Education Opinion

MLK Day and Education Reform

By Sara Mead — January 17, 2011 2 min read
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Today is Martin Luther King Day, a holiday that always makes me a little bit uncomfortable. Not because I have anything but the utmost respect for King and work challenging racial and economic injustice. But because I respect him too much to be comfortable with much of how we “honor” his legacy this day.

Too often the Martin Luther King, Jr., who is lionized in our public discourse is sanitized, soft, and fuzzy, a secularized saint rather than a real man whose battle for racial and economic justice was, while nonviolent, still deeply disruptive to existing privileges and power structures and inherently political. This watered-down version of King denies the full power of his life and work while also allowing us today to feel better about ourselves than we ought. And our public schools are highly complicit in conveying this soft and fuzzy King to our children.

I’m particularly uncomfortable with the decision to make King’s holiday a “day of service,” on which young people are encouraged to engage in service projects. Not that there’s anything wrong with any of these projects. They’re nice things to do. But the progress of the civil rights movement didn’t come from people working in soup kitchens, cleaning up parks, or doing similarly nice, service-y things. It came from people nonviolently but directly standing up to unjust power structures and engaging in civil disobedience. People actually broke unjust laws--and got arrested for it. Teaching our kids that this is a day about service seems to get the message dead wrong--or at least to suggest that our nation and world are no longer plagued by injustices that require more than volunteer work to right them.

But, in fact, plenty of injustice still exists in our nation and world today. Many of us who work in education reform are convinced that our existing educational system is complicit in perpetuating serious racial and economic injustices. But there’s a temptation to seek to address this without upsetting any existing apple carts of power or privilege. We see this in education reform strategies that focus on more money or new programs without seeking to address the fundamental dysfunctions of our education system (we also see it among reform-y types who are unwilling to admit that some necessary reforms might require additional resources or politically dicey reallocations of resources from haves to have-nots). We’ve also seen it among some charter school operators and other education entrepreneurs who have sought to create effective programs in small pockets of safety but have been reluctant to get their hands dirty in dealing with education reform politics. We even see it among education policy wonks and foundations who believe we can address injustice by persuading those who currently hold power to change, rather than tackling power head-on and building alternative power bases that empower parents, children, and others who are currently disenfranchised in our public discourse. I see signs, though, that this is starting to change, in the emergence of various groups engaged in grassroots organizing and political activism around education reform. Are any of these efforts really going to build a base of empowered parents? Are they going to tackle serious inequities and pose a real threat to existing power structures? And will the ultimate results be good for the kids our education system has long failed? I don’t know. But I’m at least glad that people are beginning to think seriously in this way.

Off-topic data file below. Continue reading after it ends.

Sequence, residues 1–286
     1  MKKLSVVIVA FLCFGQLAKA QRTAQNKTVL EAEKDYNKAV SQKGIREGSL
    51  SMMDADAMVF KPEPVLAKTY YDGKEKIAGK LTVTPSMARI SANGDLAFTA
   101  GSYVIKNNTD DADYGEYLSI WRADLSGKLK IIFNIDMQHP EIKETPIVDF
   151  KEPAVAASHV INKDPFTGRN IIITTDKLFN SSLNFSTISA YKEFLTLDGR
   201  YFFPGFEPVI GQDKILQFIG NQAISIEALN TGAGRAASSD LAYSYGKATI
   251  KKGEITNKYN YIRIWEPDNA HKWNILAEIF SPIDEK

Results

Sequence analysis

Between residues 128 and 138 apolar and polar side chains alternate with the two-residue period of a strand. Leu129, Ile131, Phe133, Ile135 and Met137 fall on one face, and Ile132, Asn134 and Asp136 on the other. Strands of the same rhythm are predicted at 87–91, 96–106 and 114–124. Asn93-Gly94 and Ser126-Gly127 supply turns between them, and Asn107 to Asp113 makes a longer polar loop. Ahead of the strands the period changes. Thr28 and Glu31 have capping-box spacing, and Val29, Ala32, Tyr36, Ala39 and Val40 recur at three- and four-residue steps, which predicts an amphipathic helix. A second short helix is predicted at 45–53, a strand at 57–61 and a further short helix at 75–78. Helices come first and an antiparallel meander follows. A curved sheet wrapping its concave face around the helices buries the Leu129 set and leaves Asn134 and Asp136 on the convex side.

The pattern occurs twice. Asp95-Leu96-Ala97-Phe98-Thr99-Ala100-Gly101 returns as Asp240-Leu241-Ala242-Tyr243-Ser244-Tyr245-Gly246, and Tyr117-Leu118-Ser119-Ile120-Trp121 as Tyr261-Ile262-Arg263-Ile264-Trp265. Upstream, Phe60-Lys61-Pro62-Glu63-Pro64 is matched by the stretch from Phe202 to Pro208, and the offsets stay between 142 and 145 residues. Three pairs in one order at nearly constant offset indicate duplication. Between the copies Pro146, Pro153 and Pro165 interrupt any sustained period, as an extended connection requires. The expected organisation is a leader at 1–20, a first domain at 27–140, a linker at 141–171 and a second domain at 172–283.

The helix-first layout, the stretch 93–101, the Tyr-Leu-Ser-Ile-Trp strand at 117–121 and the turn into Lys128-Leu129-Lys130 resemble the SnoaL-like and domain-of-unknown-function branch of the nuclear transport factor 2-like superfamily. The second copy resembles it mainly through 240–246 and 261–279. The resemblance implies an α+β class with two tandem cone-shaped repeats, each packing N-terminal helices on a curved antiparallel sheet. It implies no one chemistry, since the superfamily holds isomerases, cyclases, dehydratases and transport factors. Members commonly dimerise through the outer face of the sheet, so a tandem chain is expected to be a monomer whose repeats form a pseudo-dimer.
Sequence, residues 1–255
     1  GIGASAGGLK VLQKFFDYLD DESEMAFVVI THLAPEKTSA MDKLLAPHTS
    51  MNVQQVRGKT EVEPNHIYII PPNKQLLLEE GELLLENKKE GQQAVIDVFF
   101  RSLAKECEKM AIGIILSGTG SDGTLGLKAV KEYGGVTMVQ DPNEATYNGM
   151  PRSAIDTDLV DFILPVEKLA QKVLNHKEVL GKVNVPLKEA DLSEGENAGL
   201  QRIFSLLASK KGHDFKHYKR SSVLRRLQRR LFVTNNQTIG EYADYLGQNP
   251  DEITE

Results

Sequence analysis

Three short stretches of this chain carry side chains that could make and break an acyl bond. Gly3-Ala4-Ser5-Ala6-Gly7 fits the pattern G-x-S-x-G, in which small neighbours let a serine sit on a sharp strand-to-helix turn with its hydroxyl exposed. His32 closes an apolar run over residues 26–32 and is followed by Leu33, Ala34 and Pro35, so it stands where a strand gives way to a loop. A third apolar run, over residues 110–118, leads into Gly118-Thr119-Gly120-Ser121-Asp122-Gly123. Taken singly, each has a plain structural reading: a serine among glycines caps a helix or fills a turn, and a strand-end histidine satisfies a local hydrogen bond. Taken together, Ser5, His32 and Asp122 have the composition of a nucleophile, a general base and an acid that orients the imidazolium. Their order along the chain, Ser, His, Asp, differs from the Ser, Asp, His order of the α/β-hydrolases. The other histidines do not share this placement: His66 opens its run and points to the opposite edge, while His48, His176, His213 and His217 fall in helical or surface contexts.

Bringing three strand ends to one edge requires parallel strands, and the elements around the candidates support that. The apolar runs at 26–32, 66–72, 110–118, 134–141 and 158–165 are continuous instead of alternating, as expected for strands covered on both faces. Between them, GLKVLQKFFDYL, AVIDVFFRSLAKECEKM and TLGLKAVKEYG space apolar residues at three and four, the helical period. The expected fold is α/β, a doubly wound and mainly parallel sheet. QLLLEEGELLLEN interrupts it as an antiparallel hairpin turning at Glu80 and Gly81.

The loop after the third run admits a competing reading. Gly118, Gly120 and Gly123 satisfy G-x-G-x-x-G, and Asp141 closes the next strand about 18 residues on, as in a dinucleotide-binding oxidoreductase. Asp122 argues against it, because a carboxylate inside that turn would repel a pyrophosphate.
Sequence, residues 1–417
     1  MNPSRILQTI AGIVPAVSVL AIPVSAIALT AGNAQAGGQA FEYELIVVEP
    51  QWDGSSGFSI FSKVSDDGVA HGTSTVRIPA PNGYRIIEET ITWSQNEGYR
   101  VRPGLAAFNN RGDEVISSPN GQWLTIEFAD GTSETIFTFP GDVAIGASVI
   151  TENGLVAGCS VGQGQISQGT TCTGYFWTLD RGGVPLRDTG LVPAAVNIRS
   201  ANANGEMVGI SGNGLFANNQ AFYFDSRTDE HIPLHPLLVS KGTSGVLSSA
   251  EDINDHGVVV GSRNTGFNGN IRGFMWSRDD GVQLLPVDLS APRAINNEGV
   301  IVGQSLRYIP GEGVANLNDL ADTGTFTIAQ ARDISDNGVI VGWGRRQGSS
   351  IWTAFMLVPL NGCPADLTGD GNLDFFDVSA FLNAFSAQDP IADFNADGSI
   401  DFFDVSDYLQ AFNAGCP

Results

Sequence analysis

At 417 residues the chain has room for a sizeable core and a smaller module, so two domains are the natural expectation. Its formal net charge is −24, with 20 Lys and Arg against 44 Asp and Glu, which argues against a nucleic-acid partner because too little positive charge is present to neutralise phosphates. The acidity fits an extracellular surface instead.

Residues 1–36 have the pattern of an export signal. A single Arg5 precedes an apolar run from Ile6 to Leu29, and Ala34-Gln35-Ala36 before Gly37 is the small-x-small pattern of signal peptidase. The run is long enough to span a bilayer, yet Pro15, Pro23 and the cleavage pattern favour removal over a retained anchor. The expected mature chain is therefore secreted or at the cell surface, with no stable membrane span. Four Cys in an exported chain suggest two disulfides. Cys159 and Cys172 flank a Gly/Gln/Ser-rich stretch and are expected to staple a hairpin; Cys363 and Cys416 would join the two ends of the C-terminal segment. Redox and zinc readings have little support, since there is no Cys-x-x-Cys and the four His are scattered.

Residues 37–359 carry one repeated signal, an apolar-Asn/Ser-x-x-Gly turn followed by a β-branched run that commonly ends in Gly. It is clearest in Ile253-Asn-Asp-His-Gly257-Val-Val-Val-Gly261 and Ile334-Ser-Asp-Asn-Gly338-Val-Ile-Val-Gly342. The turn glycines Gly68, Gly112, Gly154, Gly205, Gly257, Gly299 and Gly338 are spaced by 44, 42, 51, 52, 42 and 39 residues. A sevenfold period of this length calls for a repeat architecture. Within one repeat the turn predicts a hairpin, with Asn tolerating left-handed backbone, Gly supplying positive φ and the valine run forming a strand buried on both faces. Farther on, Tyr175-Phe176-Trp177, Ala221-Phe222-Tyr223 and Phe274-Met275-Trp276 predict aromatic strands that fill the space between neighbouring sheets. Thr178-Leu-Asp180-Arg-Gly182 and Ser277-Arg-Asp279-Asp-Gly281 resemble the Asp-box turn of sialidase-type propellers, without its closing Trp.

The opinions expressed in Sara Mead’s Policy Notebook are strictly those of the author(s) and do not reflect the opinions or endorsement of Editorial Projects in Education, or any of its publications.